Diffusible iodine-based contrast-enhanced computed tomography (diceCT): an emerging tool for rapid, high-resolution, 3-D imaging of metazoan soft tissues.

Paul Gignac, Nathan Kley, Julia Clarke, Matthew Colbert, Ashley Morhardt, Donald Cerio, Ian Cost, Philip Graham Cox, Juan Daza, Catherine Early, Scott Echols, Mark Henkelman, Nele Herdina, Casey Holliday, Zhiheng Li, Kristin Mahlow, Samer Merchant, Johannes Muller, Courtney Orsbon, Daniel PaluhMonte Thies, Henry Tsai, Lawrence Witmer

Research output: Contribution to journalReview articlepeer-review


Morphologists have historically had to rely on destructive procedures to visualize the three-dimensional (3-D) anatomy of animals. More recently, however, non-destructive techniques have come to the forefront. These include X-ray computed tomography (CT), which has been used most commonly to examine the mineralized, hard-tissue anatomy of living and fossil metazoans. One relatively new and potentially transformative aspect of current CT-based research is the use of chemical agents to render visible, and differentiate between, soft-tissue structures in X-ray images. Specifically, iodine has emerged as one of the most widely used of these contrast agents among animal morphologists due to its ease of handling, cost effectiveness, and differential affinities for major types of soft tissues. The rapid adoption of iodine-based contrast agents has resulted in a proliferation of distinct specimen preparations and scanning parameter choices, as well as an increasing variety of imaging hardware and software preferences. Here we provide a critical review of the recent contributions to iodine-based, contrast-enhanced CT research to enable researchers just beginning to employ contrast enhancement to make sense of this complex new landscape of methodologies. We provide a detailed summary of recent case studies, assess factors that govern success at each step of the specimen storage, preparation, and imaging processes, and make recommendations for standardizing both techniques and reporting practices. Finally, we discuss potential cutting-edge applications of diffusible iodine-based contrast-enhanced computed tomography (diceCT) and the issues that must still be overcome to facilitate the broader adoption of diceCT going forward.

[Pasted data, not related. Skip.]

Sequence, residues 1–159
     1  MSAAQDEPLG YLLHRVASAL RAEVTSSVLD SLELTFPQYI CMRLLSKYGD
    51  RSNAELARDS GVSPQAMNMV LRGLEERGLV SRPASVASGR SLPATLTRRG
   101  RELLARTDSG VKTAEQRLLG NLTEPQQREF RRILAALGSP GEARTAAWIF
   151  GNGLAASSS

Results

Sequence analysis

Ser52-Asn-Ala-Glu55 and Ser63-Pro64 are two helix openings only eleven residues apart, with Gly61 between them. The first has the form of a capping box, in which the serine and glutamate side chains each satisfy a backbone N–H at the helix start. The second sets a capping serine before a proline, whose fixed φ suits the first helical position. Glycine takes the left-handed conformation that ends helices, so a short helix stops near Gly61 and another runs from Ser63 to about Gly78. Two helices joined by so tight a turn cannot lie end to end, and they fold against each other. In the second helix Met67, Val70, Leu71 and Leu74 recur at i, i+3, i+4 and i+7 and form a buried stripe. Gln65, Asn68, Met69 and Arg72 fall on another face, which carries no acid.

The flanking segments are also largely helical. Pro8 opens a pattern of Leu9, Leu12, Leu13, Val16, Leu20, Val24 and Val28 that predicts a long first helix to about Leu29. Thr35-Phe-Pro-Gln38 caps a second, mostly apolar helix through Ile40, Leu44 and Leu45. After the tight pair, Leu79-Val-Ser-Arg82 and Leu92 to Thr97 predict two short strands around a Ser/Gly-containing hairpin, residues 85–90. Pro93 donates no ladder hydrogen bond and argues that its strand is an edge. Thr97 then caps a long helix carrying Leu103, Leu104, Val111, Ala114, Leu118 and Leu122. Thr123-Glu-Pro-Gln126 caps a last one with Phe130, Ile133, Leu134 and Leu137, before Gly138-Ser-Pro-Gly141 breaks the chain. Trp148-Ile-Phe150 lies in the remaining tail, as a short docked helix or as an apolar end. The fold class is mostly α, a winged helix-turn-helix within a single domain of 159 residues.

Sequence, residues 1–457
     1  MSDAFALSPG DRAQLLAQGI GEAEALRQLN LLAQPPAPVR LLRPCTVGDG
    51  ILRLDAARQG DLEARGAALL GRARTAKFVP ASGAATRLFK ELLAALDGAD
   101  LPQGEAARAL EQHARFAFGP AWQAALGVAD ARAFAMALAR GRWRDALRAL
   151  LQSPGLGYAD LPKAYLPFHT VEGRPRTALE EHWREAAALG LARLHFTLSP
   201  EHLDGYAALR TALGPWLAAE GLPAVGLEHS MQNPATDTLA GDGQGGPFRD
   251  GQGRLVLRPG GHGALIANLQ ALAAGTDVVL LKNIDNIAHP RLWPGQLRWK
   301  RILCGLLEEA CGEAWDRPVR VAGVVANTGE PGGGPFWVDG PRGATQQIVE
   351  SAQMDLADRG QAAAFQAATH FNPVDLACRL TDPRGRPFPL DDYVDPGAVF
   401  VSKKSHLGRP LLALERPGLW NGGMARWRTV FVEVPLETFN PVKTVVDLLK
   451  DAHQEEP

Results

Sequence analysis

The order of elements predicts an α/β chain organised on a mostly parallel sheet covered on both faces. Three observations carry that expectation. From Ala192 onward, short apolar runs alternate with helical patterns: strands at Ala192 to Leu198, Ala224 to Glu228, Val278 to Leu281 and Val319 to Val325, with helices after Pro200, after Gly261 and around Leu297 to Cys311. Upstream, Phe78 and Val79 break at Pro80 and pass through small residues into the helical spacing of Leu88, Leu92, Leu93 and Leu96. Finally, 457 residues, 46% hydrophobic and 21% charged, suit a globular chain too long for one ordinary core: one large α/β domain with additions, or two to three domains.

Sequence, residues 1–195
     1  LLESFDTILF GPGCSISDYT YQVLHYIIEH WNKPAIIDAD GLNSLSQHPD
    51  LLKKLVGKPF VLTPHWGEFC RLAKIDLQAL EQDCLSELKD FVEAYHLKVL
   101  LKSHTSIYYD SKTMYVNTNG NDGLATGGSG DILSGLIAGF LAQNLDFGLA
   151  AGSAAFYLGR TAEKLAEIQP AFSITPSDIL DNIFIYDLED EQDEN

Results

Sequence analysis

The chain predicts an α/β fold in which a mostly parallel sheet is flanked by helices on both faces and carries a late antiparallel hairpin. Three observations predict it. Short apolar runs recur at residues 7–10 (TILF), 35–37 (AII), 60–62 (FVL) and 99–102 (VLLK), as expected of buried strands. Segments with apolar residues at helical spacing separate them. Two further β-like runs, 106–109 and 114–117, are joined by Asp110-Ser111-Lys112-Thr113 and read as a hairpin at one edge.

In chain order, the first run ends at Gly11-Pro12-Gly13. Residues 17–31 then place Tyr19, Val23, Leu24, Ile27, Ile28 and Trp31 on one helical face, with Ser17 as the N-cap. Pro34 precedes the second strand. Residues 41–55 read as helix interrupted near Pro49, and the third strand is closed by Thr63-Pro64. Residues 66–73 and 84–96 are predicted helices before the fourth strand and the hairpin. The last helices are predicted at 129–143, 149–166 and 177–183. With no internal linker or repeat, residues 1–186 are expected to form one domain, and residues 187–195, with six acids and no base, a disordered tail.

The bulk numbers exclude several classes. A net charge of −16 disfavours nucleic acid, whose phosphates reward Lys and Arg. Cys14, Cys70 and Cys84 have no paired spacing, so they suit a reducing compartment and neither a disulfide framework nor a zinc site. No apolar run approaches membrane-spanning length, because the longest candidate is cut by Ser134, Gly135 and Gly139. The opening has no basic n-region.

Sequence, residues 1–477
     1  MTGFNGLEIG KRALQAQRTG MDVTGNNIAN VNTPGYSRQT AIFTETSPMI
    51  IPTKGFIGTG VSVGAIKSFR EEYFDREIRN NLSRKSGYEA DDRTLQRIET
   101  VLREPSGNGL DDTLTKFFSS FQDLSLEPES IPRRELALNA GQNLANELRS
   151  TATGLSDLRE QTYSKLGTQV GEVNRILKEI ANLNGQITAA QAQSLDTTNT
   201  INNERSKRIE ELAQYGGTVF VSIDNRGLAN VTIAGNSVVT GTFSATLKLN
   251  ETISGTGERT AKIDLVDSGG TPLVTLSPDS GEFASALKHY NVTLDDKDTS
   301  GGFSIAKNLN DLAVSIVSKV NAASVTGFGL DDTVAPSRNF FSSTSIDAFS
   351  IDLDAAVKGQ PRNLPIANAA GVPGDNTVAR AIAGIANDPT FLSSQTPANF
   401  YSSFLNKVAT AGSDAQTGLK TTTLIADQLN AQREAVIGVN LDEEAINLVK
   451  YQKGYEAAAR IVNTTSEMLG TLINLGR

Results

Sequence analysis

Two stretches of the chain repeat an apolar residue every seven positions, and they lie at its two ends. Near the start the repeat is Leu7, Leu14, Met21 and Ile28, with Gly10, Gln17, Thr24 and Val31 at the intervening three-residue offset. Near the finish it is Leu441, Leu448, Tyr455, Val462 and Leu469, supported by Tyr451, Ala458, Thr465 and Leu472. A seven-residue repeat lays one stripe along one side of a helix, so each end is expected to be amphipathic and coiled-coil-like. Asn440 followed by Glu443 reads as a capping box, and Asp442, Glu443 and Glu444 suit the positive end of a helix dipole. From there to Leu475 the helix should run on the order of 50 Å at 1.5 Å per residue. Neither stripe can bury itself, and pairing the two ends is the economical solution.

Original languageEnglish
Pages (from-to)889-909
Number of pages21
JournalJournal of Anatomy
Issue number6
Early online date11 Mar 2016
Publication statusPublished - Jun 2016

Bibliographical note

© 2016 The Authors. Journal of Anatomy published by John Wiley & Sons Ltd on behalf of Anatomical Society.


  • Alcoholic iodine
  • Destaining
  • Lugol's iodine
  • Radiographic contrast agents
  • Three-dimensional imaging
  • X-ray micro-CT scanning

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